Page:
Mayor Joe Bonacci also had a number of issues he wanted to address.

First he told the commission that he has finally been able to find enough community members to serve on the planning and zoning commission for the city.

The people involved will be Chuck Buchanan, Charlie Jones, Gene Carlson and Tom Paluso. Tony Gonzales will be the council member that will act as the liaison to the group.

The mayor also informed the council members about a recent meeting with the restaurant tax committee.

He told the council that the committee had turned down the cities request for money to help run the Helper Arts Festival.

"They turned us down," said Bonacci, "If we can't find the money the festival will probably not be held this year."

He did, however, indicate that the city would be approaching the county commission to see what Carbon lawmakers could do to help.

The city did, however, receive $26000 from the committee to help cover the costs of improvements on the Helper American Legion Field.

The money in question came through the hard work of Jeff Jewkes and Jeff Cisneros, who manage the Helper American Legion Team, according to the mayor.

"I am very appreciative of those young men and the work they do to get money for that field," said Bonacci.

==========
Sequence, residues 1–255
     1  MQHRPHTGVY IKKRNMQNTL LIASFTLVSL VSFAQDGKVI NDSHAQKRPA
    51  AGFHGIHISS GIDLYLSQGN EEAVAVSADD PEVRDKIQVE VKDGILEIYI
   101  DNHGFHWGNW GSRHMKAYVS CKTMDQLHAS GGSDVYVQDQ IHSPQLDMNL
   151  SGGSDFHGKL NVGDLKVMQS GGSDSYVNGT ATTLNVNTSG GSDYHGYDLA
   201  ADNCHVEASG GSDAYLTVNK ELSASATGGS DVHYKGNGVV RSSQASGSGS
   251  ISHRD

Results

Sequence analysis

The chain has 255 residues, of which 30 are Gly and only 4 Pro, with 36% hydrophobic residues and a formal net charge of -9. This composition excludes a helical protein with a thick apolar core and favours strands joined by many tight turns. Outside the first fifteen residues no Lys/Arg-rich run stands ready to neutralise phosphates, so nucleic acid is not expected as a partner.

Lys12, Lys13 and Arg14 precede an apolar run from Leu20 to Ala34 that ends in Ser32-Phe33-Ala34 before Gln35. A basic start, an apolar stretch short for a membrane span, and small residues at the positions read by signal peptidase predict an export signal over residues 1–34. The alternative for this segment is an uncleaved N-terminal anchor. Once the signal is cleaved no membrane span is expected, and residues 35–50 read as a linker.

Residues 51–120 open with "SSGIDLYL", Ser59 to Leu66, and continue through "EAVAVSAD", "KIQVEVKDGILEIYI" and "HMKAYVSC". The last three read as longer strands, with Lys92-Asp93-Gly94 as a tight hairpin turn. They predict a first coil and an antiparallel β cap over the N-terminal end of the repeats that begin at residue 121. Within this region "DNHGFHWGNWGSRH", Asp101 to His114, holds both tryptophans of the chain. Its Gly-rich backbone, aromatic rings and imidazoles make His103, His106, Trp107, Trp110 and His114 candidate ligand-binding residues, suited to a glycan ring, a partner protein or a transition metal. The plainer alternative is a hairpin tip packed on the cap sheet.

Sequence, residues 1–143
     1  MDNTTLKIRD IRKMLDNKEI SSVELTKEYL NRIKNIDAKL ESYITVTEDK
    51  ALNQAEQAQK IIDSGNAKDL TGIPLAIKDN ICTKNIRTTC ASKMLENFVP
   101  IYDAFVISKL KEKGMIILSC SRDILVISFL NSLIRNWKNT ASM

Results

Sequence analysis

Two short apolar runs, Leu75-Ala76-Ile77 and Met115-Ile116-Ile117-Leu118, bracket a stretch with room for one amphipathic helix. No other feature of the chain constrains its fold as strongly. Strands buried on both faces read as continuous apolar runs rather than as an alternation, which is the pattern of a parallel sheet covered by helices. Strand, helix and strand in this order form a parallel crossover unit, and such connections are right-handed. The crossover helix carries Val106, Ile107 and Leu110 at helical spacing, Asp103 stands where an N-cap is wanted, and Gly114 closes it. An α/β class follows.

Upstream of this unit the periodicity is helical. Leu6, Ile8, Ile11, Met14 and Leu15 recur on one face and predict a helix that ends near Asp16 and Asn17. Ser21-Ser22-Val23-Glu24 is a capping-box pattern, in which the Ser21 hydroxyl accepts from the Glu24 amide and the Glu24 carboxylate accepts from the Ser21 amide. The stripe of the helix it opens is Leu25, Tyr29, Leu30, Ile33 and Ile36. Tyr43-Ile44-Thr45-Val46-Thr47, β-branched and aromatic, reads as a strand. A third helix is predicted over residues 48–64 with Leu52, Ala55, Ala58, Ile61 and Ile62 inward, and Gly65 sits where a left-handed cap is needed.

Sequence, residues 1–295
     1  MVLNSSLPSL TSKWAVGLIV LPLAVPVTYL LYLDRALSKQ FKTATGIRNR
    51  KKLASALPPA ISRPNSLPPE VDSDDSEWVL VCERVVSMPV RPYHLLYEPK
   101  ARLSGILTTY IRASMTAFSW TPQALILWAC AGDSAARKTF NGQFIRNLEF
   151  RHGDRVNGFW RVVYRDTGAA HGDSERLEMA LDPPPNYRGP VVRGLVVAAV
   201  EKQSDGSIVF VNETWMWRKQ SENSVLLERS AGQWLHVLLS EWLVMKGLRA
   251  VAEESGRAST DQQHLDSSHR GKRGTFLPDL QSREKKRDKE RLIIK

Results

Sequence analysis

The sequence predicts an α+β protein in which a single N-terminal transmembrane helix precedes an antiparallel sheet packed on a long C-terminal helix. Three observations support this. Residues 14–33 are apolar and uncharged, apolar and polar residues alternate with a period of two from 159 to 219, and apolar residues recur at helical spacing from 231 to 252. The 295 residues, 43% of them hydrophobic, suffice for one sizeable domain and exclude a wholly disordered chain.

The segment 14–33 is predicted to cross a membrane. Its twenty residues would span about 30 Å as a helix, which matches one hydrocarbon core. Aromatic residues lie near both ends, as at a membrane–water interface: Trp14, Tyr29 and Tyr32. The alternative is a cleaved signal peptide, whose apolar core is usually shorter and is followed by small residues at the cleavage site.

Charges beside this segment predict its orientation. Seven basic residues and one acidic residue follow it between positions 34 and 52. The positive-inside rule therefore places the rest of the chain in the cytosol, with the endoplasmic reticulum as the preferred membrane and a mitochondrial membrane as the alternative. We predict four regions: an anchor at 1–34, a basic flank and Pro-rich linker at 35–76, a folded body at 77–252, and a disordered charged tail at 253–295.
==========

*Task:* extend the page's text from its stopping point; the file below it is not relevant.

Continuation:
He also pointed out to the council that money requested for restrooms at the new fishing pond had also been turned down by the committee members.

The reason identified by the restaurant committee for refusing the city's funding focused on the fact the improvements were to be completed on private property rather than on public land.

The Utah Division of Wildlife Resources is leasing the site of the fishing pond from private property owner Ross Gigliotti.

The money coming from various grants and other sources brought up another point of discussion during last week's public gathering at the Helper City Hall.

"I really appreciate all the people who work to bring money to the city," stated Bonnaci. "And I want to in no way discourage those who do it.'

"However, when money is requested by grant or otherwise in the name of Helper, the city needs to know about it for both planning and proper purchasing practices," indicated the mayor.

The meeting concluded with the council members discussing all the funding options available to the city. The officials also discussed how the Helper council and mayor could maintain better contact with the individuals who are working to promote the well-being of the city and local citizens.